Aug 30, 2015; Milwaukee, WI, USA; Cincinnati Reds right fielder Jay Bruce (32) hits a double in the eighth inning as Milwaukee Brewers catcher Martin Maldonado (12) watches at Miller Park. Mandatory Credit: Benny Sieu-USA TODAY Sports
Jay Bruce used to be a good corner outfielder. As recently as 2013, The lefty-hitting Bruce put up a 5.3 bWAR (wins above replacement) season for Cincinnati. But he’s crashed to a barely above replacement level player the last two seasons.
In Jay Bruce’s defense, his awful -1.1 bWAR season in 2014 included a torn meniscus in his right knee that he rushed back from after a mere two weeks. The Reds even admitted that they mishandled his recovery.
That explanation, however, does not excuse his 2015 season—which wasn’t a whole lot better. In 2015, Bruce slashed a mediocre .235/.305/.432 with 26 home runs and 87 RBI’s. That’s hardly a season to write home about, especially when you consider that Bruce played his home games in the bandbox known as the Great American Ballpark.
However, Bruce did suffer from a terrible .251 Batting Average Balls In Play (BABIP) in 2015, which is much lower than his career .287 BABIP. The problem is that his BABIP crashed after his knee surgery in 2014, so you have to wonder if that low rate is now a “new normal” for him rather than an anomaly. Further, Bruce is anything but a “keep the line moving” type of hitter with a 24.2% strikeout rate over his career.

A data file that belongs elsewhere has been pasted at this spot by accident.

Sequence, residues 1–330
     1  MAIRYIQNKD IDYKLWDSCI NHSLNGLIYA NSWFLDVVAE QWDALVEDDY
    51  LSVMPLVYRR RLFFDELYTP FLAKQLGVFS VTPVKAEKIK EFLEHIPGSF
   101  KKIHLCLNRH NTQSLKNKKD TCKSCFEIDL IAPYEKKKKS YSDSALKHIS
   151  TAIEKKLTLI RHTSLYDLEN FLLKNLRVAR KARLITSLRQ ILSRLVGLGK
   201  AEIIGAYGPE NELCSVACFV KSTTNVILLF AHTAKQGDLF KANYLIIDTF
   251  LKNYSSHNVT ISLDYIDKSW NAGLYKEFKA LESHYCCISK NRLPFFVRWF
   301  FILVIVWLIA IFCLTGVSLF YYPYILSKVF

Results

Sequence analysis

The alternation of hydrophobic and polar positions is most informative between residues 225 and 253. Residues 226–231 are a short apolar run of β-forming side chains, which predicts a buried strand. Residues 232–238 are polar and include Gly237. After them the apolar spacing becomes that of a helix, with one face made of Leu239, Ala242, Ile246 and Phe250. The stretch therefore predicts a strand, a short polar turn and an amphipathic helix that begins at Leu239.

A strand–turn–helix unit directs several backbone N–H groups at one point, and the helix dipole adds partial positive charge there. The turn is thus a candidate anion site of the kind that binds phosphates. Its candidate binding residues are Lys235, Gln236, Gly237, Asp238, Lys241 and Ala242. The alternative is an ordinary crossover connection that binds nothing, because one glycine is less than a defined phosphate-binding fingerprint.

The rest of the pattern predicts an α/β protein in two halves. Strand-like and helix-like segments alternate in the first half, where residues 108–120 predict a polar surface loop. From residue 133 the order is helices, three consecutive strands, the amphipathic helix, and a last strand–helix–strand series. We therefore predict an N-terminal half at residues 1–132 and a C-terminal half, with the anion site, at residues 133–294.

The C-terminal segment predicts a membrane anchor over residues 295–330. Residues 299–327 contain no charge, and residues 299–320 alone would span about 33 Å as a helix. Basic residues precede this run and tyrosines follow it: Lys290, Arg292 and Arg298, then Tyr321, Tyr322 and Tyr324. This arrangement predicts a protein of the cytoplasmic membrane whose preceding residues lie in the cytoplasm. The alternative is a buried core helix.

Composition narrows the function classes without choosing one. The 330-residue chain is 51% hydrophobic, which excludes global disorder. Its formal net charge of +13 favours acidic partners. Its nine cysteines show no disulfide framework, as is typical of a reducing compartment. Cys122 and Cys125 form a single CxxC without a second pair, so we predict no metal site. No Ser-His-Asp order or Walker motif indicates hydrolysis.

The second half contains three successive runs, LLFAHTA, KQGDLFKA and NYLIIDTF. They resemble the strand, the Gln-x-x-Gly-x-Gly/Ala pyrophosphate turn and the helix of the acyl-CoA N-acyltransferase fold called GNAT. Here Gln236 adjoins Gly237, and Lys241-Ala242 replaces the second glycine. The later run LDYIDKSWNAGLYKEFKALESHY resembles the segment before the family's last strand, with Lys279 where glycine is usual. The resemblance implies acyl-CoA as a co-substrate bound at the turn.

The soon-to-be 29-year old Jay Bruce’s defense has also taken a big hit since his injury. After enjoying a 10.1 Ultimate Zone Rating as recently as 2013, he’s posted a -7.0 in 2014 and -3.8 in 2015. Despite declining range, he still has a strong arm in right with 11 outfield assists in 2015.
Bruce is under contract for two more seasons at $26 million. Given that he put up a mere 0.8 bWAR last season, you have to wonder if he is worth $12 million in 2016. However, the last season of his deal is a team option in 2017 at $13 million, with a $1 million buyout. Bruce is really only a one-year obligation for $13 million, which considerably reduces the risk.
The Reds are now in rebuild mode and would like to shed Jay Bruce’s contract for prospects. Bruce, however, would probably only command two C+ talents in return, which would mean a trade for him probably would have little impact on the KC Royals farm system.
The Colorado options all carry the risk that they won’t perform away from Coors Field, with the possible exception of Carlos Gonzalez who—at least—has a career .757 OPS on the road. Denard Span carries an injury concern, but there’s a good track record of players returning from a torn-labrum. Getting Jay Bruce is a gamble that you might get a rebound two years removed from 2014 knee injury.
The KC Royals have also inquired about Todd Frazier and expressed interest in Gerardo Parra, but Frazier’s price in prospects is likely to be prohibitive and the possibility of adding Parra’s been well-covered by pundits going back to the trade deadline.
Stay tuned KC Royals fans, with Jason Heyward signing the outfield market is likely to sort itself out rather quickly. And, with the Cardinals interested in Alex Gordon, he could make a decision soon.